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Budget Bluetooth headphones are becoming more common as the price of the technology drops. But that still doesn’t mean I’ve found a set of wireless headphones I love. Enter the latest contender: the iFROGZ Coda Bluetooth headphones.
These cans are manufactured by ZAGG, a company based in Salt Lake City, USA, and also incidentally responsible for the Mophie brand.
ZAGG is re-emphasising its push into South Africa, introducing a number of new products to our shores. Notably, I grabbed myself a review unit of the Coda headphones, and before I knew it, I was headbanging to Tay-Tay while penning this review. Okay, not really [yes, really – ed].
But let’s get into the review itself, shall we?
Build and aesthetics
For around R400, the iFROGZ Coda HP aren’t the most exciting cans you’ll ever see. They’re not Skullcandy obnoxious or B&O lavish, but they’ll happily live with your clumsy lifestyle, brushing off scratches, mild drops and fingerprints.
The design is uber-conservative, notable especially for a product that’s supposed to appeal to fashion-conscious youngsters.
The cups are faux leather and are large enough to fit around smaller ears. The shell of the cups are covered in flat, shiny plastic, while the headband is a combination of sturdy plastic finished in a rubbery coating. This makes them easy to hold and manage.
The right cup houses all the ports and buttons. A recessed microUSB port sits alongside a 3.5mm jack input for when the battery dies, while three buttons: a volume rocker and a power button, flank the front. A notification light — which flashes both blue and red depending on the headphone’s status — completes the look.
Connecting to the iFROGZ Coda headphones was an exercise in frustration at first, but eventually I understood the device’s quirks. Holding in the power button after switching on the headphones lets you connect them to a smartphone, tablet or computer. I tried all three, and the phones were happy to connect to each, whether they were running Windows, Android or Ubuntu.
But connecting to device B when it’s connected to device A is another matter entirely. You’ll likely have to switch off device A’s Bluetooth, and reboot the headphones. It’s an extra step that ruins the ease-of-use you’d expect from wireless headphones.
iFROGZ Coda headphones specs, via ZAGG:
- Drivers: 40mm
- Resistance: 32hms
- Sensitivity: 100dB +/- 5dB
- Frequency: 20Hz – 20KHz
- Playing Time: 7 hours
- Standby Time: 3 hours
- Charging Time: 2-2.5 hours
Once connected though, the connection quality is stellar. That is, if your phone is not being obstructed by, say, your own body.
With my phone in my left pocket and the headphones clamping my ears, turning my neck resulted in spluttering, jittery audio. Ultimately, I only noticed this issue whilst standing. And as soon as I took a seat, the smartphone and headphones began chatting again.
If all else fails, there’s a backup 3.5mm headphone jack, and ZAGG was kind enough to bundle a line-in cable with the ‘phones themselves.
Sound quality and performance
As for performance, the conservative approach continues.
I didn’t expect to be blown away by the iFROGZ Coda HP’s sound, but I did expect the cans to perform better in some genres.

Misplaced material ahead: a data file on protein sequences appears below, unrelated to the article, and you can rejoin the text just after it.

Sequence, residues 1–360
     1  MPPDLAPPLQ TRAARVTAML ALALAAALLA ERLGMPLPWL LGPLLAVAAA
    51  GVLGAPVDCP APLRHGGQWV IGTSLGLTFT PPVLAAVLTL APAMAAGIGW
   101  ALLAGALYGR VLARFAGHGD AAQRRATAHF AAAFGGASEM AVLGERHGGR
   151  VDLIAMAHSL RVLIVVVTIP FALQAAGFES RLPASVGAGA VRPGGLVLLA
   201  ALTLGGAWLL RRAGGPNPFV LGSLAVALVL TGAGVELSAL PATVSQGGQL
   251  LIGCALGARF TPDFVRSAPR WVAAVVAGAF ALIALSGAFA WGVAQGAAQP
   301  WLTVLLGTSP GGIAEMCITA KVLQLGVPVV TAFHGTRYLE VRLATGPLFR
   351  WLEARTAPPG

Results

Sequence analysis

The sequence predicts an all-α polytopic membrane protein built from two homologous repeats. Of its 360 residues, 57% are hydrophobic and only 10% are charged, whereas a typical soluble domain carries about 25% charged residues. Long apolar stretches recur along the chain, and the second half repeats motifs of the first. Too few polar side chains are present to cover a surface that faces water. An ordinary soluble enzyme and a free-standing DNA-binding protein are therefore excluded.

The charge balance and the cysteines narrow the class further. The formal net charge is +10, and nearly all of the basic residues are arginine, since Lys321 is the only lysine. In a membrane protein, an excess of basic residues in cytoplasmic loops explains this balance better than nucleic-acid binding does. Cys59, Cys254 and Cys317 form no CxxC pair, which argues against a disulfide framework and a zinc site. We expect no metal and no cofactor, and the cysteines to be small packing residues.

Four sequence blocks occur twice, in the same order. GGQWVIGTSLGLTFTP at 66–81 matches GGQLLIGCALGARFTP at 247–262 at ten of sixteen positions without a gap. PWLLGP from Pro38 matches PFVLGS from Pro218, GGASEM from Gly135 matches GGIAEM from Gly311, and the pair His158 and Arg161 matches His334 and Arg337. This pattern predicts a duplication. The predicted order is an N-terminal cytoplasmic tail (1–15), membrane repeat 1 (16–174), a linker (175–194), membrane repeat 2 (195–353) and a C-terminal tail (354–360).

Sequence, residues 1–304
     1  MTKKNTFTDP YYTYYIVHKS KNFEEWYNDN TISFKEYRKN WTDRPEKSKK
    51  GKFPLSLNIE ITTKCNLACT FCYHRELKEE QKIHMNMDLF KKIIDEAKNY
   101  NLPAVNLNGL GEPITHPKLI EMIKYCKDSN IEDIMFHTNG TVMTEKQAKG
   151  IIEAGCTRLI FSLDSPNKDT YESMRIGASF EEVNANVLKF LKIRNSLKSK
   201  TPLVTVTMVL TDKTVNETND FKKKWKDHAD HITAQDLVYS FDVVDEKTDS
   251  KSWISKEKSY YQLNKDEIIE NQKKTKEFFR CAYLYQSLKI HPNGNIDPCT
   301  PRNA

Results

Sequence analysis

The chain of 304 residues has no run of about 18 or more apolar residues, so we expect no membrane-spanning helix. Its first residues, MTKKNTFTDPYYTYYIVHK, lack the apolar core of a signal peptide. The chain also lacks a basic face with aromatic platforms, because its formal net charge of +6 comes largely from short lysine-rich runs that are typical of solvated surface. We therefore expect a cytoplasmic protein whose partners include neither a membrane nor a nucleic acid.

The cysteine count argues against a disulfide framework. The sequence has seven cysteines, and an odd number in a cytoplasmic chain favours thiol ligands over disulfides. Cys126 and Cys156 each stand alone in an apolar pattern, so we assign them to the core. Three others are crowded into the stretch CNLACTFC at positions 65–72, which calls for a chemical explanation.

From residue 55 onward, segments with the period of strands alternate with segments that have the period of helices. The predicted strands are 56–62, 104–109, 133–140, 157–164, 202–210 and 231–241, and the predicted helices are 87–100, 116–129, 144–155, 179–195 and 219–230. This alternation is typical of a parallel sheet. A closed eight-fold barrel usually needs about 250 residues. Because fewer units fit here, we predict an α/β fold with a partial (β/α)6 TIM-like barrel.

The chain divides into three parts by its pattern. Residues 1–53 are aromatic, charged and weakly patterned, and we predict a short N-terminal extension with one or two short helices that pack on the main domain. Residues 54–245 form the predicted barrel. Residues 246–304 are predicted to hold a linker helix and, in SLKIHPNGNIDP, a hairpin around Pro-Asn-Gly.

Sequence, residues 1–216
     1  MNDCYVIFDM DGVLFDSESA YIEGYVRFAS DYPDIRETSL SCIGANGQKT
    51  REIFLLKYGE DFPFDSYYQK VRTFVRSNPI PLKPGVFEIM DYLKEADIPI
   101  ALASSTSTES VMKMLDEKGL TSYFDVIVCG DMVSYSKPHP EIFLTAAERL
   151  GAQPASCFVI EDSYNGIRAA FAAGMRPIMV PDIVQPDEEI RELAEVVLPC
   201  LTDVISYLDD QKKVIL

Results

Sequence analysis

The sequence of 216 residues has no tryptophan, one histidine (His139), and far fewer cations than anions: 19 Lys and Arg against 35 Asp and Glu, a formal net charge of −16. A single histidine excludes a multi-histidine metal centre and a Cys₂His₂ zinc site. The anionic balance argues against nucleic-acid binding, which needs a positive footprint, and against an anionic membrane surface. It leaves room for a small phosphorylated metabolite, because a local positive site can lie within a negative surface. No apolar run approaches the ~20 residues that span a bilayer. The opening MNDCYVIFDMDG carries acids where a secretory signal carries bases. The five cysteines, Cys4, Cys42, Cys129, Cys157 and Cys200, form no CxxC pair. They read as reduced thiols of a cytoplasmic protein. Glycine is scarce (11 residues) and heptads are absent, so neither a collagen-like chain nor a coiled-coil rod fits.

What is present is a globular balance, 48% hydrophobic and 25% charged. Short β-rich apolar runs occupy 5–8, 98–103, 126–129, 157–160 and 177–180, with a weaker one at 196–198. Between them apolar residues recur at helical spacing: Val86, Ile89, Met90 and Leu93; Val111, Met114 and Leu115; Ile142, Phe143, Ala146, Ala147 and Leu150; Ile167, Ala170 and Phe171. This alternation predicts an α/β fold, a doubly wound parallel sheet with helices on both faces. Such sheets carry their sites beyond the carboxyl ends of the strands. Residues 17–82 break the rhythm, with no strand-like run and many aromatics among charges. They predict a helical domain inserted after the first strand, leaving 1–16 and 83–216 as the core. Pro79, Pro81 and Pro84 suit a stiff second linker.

We can list a few tracks that sound incredible through these phones:
- “Bored” by Billie Eilish
- “Forgot About Dre” by Dr Dre & Eminem
- “True Feeling” by Galantis
And tracks that I’d stay far away from:
- “The Funeral” by Band of Horses
- “Time” by Hans Zimmer
- “Ni**as in Paris” by Jay-Z
The iFROGZ Coda HP do extremely well when tracks feature punchy basslines, empty or simple soundscapes, and peaky treble. They do well with acoustic tracks, stripped-down hip hop, trip-hop and house. But when tracks get complicated — take “The Funeral” for instance — the headphones struggle to reproduce subtle sounds.
Mids are muddled and seemingly drown out the additional textures within the track.
If you’re getting these phones to listen to all rock subgenres, heavier dubstep or even more complex hip hop, you’ll be extremely unhappy. They also won’t drown out ambient noise well, like city traffic or the rumble of a jet engine.
But podcast listening is another positive: voice clarity on these headphones are excellent.
Ultimately, the Coda phones are bass heavy, lacking in mid-range clarity and adequate in the higher ranges. They’re headphones for pop lovers, but considering their price, they’re hard to fault as backup headphones.
Comfort and ergonomics
The biggest issue with headphones is arguably their ergonomics and comfort.
I still haven’t found a pair of phones that I can wear all day, and the iFROGZ Coda HP are no exception. The cups are less forgiving than more expensive cans’ and I was able to wear these for two hours before my ears began aching.
But that’s okay, as the battery life rarely exceeded five hours of continuous playback.
They’re light enough though, which means you won’t have neck pain at the end of the day, nor will you shake them off accidentally while looking left and right at the intersection.
Speaking of battery life, there’s one particular design fault that really annoyed me. The recessed microUSB port, which allows users to charge the headphones’ battery, won’t accept every single charging cable you throw at it. Do make a note of this if you’re travelling with these headphones.
Verdict: Besides the sometimes spotty audio quality and questionable ergonomics, the iFROGZ Coda HP are adequate for pop, acoustic tracks and podcasts.
Score: 7 out of 10